Interplanetary Soccer on Mars

Avi Loeb
5 min readDec 18, 2022


Mars (Image credit: NASA)

The World Cup final in soccer will be held today. But lets be frank. What FIFA labels as `World’ refers merely to Earth. This represents a limited view of the Universe. There are hundreds of billions of other planets in the Milky Way galaxy alone. So many `worlds’ that one wonders whether we can play soccer on them? In the spirit of defining “habitable planets” as Earth-mass rocks with an atmosphere where one might find liquid water and the chemistry-of-life-as-we-know-it, we may define a new class of “soccerable planets”.

In 2014, a Sports Illustrated reporter contacted me with the news that FIFA president then, Sepp Blatter, hinted at the possibility of organizing an interplanetary contest, saying: “we shall wonder if one day our game is played on other planets and then one day we won’t have the World Cup, we will have interplanetary contests.” The reporter asked for my reaction as chair of the Harvard Astronomy department, and I wrote back: “There are a number of obstacles to organizing an interplanetary soccer cup with extraterrestrial (ET) players. First, we need to find planets where there is intelligent life. So far, we have not found evidence for even primitive forms of life on any other planet than the Earth. Second, we need to establish contact with ETs and make sure they are peace-seeking soccer fans and not militant imperialists. The nearest stars are a few light years away, implying that if we send the nearest ETs a question via radio communication, we should not hope to hear back the answer much earlier than a decade later. But lets stay optimistic and suppose that over several decades we are able to agree on the location and time for the soccer competition. We still need to meet the ET teams at that location. With existing propulsion technology, the trip to the nearest stars may take tens of thousands of years. This implies that we cannot simply send our best soccer players on a spaceship. We need to send both male and female ancestors of the players (who will be born thousands of years from now). Finally, we need to make sure that our players are well trained in the environment of the hosting planet; this implies getting used to its surface gravity, its temperature, illumination from the host star, and atmospheric composition. For example, if the atmosphere does not have as much oxygen as on Earth, the players will have to wear special space suits, affecting the quality of their play. Altogether, this entire operation sounds rather complicated for a simple soccer competition, so the FIFA president, Sepp Blatter, should not set our hopes too high that such an event will take place any time in the near future.” To validate my credentials, the reporter, Dan Treadway, posted a photo of me playing soccer and declared: “Case closed. Sorry, Sepp”.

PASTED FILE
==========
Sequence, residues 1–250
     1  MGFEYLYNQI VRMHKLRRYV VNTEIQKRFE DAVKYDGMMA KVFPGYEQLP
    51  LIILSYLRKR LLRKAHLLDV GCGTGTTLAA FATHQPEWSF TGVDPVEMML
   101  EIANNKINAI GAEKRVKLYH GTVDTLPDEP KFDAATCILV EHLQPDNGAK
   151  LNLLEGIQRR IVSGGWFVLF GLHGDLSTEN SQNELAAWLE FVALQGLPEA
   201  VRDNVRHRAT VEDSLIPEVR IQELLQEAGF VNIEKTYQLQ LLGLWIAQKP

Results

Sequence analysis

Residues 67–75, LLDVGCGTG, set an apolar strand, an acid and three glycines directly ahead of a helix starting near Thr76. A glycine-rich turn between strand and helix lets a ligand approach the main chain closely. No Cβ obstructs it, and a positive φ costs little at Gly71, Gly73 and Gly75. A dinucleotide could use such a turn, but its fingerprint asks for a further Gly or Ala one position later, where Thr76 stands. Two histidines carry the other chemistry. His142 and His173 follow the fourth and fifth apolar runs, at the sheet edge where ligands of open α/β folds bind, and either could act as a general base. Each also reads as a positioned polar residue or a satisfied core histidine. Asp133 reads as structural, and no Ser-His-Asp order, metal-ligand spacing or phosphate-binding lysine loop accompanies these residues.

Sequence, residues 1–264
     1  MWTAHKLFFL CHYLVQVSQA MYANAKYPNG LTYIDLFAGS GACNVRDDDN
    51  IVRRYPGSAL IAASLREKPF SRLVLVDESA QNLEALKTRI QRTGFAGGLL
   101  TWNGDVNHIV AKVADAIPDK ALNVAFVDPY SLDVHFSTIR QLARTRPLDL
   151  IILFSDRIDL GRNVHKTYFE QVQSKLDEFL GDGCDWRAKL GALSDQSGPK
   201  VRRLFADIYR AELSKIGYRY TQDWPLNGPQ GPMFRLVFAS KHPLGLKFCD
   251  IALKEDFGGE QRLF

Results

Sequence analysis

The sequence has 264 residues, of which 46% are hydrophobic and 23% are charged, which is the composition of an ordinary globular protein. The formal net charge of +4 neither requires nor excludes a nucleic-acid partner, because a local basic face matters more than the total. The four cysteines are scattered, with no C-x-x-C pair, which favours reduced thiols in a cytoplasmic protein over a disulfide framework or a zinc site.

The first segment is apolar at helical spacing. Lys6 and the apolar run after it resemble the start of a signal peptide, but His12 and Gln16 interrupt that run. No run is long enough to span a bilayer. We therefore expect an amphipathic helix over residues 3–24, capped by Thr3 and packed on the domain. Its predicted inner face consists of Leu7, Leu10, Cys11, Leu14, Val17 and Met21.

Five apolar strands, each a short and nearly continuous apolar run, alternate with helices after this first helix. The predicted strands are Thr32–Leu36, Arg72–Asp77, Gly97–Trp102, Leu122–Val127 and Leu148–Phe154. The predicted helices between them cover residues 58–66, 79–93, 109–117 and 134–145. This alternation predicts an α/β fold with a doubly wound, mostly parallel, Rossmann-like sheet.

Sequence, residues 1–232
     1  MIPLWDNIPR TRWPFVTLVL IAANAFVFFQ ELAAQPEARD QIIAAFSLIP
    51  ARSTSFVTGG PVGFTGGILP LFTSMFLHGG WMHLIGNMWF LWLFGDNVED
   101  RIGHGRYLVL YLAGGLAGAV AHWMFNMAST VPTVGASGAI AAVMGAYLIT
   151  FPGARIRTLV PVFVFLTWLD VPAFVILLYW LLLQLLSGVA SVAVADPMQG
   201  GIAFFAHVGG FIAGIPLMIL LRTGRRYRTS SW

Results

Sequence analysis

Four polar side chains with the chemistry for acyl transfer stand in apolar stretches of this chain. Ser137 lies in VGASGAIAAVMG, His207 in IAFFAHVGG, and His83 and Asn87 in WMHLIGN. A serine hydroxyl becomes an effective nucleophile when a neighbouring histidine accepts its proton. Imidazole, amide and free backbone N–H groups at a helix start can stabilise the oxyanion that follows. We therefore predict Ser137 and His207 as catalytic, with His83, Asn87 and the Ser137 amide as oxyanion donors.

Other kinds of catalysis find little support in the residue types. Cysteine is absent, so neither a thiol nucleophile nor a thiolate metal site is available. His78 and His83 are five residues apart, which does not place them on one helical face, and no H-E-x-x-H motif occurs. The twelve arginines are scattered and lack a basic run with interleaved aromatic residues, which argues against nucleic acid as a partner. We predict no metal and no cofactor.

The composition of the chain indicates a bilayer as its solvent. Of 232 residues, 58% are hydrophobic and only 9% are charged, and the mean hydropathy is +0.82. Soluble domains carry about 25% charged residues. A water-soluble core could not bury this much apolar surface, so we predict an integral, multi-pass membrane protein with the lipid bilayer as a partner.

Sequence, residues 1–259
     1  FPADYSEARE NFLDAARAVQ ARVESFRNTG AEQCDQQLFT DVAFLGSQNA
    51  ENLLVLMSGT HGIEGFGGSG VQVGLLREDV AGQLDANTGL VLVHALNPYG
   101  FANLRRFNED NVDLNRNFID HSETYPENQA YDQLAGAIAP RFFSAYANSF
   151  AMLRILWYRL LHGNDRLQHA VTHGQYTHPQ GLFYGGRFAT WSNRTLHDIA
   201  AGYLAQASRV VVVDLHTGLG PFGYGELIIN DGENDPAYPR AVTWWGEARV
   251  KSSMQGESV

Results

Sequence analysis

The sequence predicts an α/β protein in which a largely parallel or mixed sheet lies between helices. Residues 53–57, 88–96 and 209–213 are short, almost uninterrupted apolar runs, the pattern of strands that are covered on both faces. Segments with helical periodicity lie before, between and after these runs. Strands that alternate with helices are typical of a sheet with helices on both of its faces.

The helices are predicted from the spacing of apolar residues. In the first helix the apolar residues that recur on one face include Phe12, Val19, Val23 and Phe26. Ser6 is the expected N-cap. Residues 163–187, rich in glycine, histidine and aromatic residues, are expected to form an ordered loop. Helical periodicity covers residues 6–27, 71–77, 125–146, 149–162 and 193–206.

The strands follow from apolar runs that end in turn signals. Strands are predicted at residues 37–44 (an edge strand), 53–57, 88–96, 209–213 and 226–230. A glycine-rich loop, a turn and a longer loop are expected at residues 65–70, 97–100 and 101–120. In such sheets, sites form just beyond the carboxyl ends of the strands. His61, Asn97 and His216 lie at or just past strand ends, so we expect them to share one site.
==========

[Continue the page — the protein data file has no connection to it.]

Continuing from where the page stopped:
But is the case really closed? A decade later, NASA and private entrepreneurs like Elon Musk, announced their long-term ambitions to settle on Mars. In fact, Elon expressed his desire to die on Mars. If so, surely he will enjoy local sports before death. This raises the question: “Is Mars soccerable?”